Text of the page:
Instead of creating a list of goals, are there processes you could improve? For example, if you need help delivering better presentations at work, which is essential to your success at work, do you have a process for creating and delivering presentations to guarantee success?


Is there someone you could study to understand how they deliver presentations and craft your approach around their example? This is what I have developed within my coaching sessions. I analyse career goals, break down the steps, and work on the processes to help achieve success.


Don't give up


When talking to my peers about their New Year blues, I realised that part of the issue was that people tend to give up on their career success prematurely.


If the habit of giving up is historical, then it's understandable why many feel depressed in the New Year. It's a reminder of the goals set in December and given up by January.


I wish I had an easy answer for this, but I don't. A dance teacher once told me everyone would be doing her job if it were easy. Career success feels hard because striving for success in any arena is hard; it's supposed to be.

But did you know that people are likelier to achieve goals that strongly relate to their why?


Goals that connect with who they are as people and what their purpose in life is are more likely to be successful.


Therefore, if you are struggling with achieving your New Year goals, stay away from superficial goals and instead think about goals connected with your ‘why’ in life.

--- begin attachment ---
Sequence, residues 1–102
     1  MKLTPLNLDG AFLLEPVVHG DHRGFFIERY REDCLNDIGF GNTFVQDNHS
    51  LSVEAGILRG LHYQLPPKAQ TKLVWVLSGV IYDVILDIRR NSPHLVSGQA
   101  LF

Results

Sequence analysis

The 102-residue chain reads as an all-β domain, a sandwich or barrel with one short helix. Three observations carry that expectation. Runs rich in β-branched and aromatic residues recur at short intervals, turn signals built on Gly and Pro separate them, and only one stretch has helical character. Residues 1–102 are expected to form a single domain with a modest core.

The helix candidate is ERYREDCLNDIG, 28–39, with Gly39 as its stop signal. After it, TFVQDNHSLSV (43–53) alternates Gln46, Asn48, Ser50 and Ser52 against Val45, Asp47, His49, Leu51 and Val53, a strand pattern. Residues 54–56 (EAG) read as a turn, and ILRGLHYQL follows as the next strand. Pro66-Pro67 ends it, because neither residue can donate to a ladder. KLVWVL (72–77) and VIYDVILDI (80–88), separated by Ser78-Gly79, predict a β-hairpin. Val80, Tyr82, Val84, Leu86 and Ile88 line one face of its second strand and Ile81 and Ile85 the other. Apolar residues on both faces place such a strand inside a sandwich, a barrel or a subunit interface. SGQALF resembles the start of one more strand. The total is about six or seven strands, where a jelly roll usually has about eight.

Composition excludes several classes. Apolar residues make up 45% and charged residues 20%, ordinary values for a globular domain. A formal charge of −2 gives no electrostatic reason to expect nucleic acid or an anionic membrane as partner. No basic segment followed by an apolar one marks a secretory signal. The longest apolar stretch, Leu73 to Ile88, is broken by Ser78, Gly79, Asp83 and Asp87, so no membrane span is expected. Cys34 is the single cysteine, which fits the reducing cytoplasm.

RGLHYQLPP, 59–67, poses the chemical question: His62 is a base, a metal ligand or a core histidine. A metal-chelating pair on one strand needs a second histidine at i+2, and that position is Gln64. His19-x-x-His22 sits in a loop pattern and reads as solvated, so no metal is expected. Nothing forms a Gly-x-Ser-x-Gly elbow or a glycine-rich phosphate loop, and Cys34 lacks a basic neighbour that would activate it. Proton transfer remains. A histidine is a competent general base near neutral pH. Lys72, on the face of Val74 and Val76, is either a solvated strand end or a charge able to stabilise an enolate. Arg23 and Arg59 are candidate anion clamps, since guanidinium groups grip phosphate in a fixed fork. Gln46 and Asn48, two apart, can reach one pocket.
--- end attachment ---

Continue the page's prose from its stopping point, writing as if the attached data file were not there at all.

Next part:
Create a community

It's a shame that people have great ideas but don't share them for fear that others will disapprove. If you desire to do something new and different with your career or even to step out and show up differently, share your ideas with people you trust. Something amazing happens when you do this:


● You take the idea from your head, making it seem more real

● If an idea seems possible and real, you are more likely to achieve it

● When ideas are out of your heads, you can start working on the practical steps involved in achieving our ideas

● Saying your ideas aloud helps you to become more committed to your ideas

● Sharing your ideas with people you trust means more people will support you and hold you accountable.


When coaching, I love helping clients to think through how to achieve ideas they have around their careers. Often people hold onto ideas for so long, waiting to do something with them. I love showing clients how simple it is to turn career ideas into reality.


It's easy to feel disheartened about our careers when we feel stuck, bored or unsure about the direction we should take. If you are still feeling the New Year blues, let me encourage you to create career goals that connect with who you are and what you want out of life; why.


Once you've established these goals, think through what your processes need to be. The next step is to find support, people who can give you information, encourage, support, and hold you accountable, so you keep going. You deserve this; success is closer than you think.


Until Next Time

Eunice